I sometimes dream of walking with my mother across a valley of tall dry grass together with an old man carrying a long spliced stick with rows of mice on it. One day I told mother my dream and she said it wasn’t a dream but that it had happened in Chisara when I was a child, and when she used to accompany her father hunting for mice. She said that the man in the dream was grandfather Mamvura, who has since died. I was born in Chisara. Mother says we joined father in Mbongolo village when I was three, and he had paid lobola for her.

Auntie was pressing her face in mother’s skirt, seeking comfort, and  mother had  her hands on Auntie’s shoulder, giving it. Then I cocked my ears thinking I could hear the faint sound of a child crying. I quickly shut the idea out of my mind, thinking it was a trick of my imagination.

‘The soldiers came to the clinic and burned it down too,’ Auntie said in a muffled voice. ‘I had just left, so I quickly hid in the bushes. They ordered the nurses to undress and they took them all away, naked, just like that.’

‘So much has happened today,’ mother said gently. ‘Try to put it out of your mind for now, Auntie.’

Auntie’s shoulders heaved as another terrible sob escaped from her. Then I heard the faint cry of the baby again. I saw mother’s hands freeze on Auntie’s back.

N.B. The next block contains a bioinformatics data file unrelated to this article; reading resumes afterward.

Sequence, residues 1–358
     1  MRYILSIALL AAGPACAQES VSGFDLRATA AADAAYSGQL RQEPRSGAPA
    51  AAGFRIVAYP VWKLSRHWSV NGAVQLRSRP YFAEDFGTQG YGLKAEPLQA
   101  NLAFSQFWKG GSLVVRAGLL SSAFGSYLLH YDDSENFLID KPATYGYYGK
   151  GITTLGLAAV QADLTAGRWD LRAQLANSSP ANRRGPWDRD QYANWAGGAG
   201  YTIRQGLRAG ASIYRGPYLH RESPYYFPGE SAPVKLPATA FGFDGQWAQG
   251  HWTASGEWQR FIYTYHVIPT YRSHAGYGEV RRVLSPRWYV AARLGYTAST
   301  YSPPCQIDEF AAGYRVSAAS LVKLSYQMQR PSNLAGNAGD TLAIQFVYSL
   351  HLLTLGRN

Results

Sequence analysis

‘Did you hear that?’

‘Hear what?’ Auntie asked, and a hyena laughed, as if in answer.

‘You mean the hyena?’ Another hyena laugh followed the first one.

‘No,’ mother replied. ‘I thought I heard the sound of a child crying.’

‘I heard it too,’ I said. ‘I thought I was imagining it.’

Then we all stood silent. The wails from the village rang through the darkness, as if they had always been there, like the moon and the stars, as if the whole world was wailing. We stood listening for the cry of the child. The moonlight fell on Auntie’s face and the streaks of tears on her cheeks shone with a pale blue light.

Then we heard a sudden burst of gunfire. The sound was heart-stopping. Instinctively, I clung to mother. The gunfire seemed to be coming from all around us, but we didn’t see a flash of bullets across the night sky. Then the gunfire died away and in the silence we realised that the wailing had stopped.

And then we heard the cry of the baby again, faint, as if from inside a house with no windows and a closed door. I felt myself shiver. I hoped it wasn’t a ghost.